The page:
There have been so many situations where I’ve gone into a meeting or a conversation with a person or business who has been in the industry longer than me and they think that because of my age I don’t really know what’s going on. I think people see that I’m young, black, and like to smoke weed and automatically think that I am naive and will submit to whatever their alternative motive is. Personally, I enjoy when people underestimate my abilities because it gives me an opportunity to show them that I’m not someone to be played with. I’m humble but I also know that I’m an extremely educated and intelligent young man — emotionally, interpersonally, creatively, and logically. I also have any shortcomings covered by the people on my team and that I hire for specific projects, so that I am never vulnerable to being taken advantage of.

What advice would you give to other CEOs or founders to help their employees to thrive?

Give them a reason to care and make sure you know what they want out of their time working with you. For example, I do not have any employees because everyone that is on my team is an owner of the company. They know that the company’s success is ultimately their success and I believe that drives them to do great work and persevere when things get difficult. In addition, I also have made sure that I understand their professional goals and what they want out of working with the company. Do your employees want to gain experience for a year or two then leave or do they want to stay with the company and become a part of the C-Suite? Whatever their goals are, as an employer, you need to understand them and then actively assist them in achieving whatever it is they want to gain from this experience. You work for your employees, not the other way around. I disagree with the notion that people are replaceable within the workplace because each individual will provide something different even within the same job description.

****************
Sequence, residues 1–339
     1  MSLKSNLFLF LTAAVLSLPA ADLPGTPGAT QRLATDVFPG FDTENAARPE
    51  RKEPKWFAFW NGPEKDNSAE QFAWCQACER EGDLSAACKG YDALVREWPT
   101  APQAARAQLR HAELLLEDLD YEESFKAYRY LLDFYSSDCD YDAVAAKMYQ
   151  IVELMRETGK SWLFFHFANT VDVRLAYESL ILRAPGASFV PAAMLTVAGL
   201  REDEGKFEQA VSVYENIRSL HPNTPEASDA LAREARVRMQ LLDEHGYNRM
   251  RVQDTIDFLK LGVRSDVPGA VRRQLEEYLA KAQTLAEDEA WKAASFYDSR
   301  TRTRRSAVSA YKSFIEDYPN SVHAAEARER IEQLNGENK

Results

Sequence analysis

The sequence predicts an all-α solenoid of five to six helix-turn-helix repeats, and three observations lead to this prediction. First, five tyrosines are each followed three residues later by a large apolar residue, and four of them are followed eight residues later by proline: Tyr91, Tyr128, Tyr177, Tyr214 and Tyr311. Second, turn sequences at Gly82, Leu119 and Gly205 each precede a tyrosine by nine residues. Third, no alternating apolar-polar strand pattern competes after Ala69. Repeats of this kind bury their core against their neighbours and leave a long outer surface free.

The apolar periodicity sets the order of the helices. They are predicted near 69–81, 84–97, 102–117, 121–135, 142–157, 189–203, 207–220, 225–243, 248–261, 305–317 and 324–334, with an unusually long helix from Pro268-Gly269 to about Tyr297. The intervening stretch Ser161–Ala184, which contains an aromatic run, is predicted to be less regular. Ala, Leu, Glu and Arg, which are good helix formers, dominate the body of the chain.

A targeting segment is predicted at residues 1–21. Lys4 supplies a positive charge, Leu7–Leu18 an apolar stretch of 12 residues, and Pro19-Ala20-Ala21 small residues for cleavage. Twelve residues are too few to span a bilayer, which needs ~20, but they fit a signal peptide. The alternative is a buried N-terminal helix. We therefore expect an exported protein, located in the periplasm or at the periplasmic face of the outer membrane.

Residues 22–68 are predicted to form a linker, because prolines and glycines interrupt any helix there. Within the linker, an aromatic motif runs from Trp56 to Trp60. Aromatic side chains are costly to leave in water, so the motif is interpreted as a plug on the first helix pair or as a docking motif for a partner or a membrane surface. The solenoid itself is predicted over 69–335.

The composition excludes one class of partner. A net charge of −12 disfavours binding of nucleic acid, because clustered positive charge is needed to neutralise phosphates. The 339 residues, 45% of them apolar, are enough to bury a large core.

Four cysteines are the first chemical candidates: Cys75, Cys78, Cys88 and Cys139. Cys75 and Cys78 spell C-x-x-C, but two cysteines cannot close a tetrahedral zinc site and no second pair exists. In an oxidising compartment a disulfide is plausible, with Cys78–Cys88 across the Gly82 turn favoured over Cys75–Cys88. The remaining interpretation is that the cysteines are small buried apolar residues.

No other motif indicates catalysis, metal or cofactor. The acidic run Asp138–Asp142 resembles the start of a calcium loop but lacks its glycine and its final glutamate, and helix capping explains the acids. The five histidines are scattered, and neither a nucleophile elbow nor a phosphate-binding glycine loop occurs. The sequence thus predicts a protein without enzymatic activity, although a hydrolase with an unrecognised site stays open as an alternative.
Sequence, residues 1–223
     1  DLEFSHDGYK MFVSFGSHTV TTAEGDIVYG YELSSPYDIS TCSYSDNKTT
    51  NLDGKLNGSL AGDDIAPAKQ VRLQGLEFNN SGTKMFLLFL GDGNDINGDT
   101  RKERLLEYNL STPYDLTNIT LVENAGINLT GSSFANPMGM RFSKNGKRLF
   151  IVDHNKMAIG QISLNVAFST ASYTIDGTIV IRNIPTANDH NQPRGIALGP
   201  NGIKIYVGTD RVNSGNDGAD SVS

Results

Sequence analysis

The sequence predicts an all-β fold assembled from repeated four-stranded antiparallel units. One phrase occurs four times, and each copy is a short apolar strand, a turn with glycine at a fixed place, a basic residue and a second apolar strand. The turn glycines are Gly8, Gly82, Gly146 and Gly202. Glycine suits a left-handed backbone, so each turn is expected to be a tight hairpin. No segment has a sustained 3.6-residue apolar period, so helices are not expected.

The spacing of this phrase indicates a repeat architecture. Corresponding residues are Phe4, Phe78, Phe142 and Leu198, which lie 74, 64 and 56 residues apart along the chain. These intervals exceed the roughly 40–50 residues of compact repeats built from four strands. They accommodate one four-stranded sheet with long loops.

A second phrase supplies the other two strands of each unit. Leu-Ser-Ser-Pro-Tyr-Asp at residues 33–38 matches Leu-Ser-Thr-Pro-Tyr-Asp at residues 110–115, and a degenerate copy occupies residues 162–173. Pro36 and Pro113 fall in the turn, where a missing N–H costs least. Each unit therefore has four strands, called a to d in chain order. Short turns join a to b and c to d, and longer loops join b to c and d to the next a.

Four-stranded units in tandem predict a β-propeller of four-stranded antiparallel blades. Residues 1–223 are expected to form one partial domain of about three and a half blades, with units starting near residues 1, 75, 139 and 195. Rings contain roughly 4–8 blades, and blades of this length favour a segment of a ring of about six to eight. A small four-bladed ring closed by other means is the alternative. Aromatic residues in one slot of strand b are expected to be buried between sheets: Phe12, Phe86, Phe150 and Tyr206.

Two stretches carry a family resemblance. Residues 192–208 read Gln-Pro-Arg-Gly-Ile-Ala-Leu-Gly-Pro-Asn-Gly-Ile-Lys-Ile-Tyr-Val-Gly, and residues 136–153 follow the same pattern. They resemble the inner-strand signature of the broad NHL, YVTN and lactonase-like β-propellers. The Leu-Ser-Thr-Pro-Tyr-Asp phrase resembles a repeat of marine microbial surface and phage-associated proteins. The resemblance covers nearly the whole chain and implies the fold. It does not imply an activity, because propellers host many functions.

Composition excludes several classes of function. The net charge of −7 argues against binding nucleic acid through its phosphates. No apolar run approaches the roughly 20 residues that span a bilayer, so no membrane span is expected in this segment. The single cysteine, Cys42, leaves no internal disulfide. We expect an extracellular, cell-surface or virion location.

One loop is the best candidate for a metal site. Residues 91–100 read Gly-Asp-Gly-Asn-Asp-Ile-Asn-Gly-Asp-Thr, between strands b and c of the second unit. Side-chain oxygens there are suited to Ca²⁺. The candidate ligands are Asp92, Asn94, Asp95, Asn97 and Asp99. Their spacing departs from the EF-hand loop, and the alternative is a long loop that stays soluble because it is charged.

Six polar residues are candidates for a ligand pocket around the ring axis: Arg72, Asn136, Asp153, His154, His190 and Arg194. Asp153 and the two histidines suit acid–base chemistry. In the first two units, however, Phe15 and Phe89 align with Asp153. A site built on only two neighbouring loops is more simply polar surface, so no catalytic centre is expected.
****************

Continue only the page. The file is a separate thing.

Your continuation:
You are a person of great influence. If you could inspire a movement that would bring the most amount of good to the most amount of people, what would that be? You never know what your idea can trigger. :-)

It would be cannabis equity among black people. Before anything, I am a black person and I understand the impact the war on drugs and racism has played on my people’s lives, families, and overall well-being. I want to use my master’s degree and network to work towards creating something that will accelerate the number of black entrepreneurs in the cannabis and ancillary cannabis spaces. This is the most important work that I will be doing, and I hope to change the trajectory of many black lives and families.

What is the best way our readers can follow you on social media?

Our company’s Instagram is @pearlrollingco, but you can also follow my personal Instagram @jbuck13.

This was very inspiring. Thank you so much for joining us!

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Candice Georgiadis

Candice Georgiadis

Candice Georgiadis is an active mother of three as well as a designer, founder, social media expert, and philanthropist.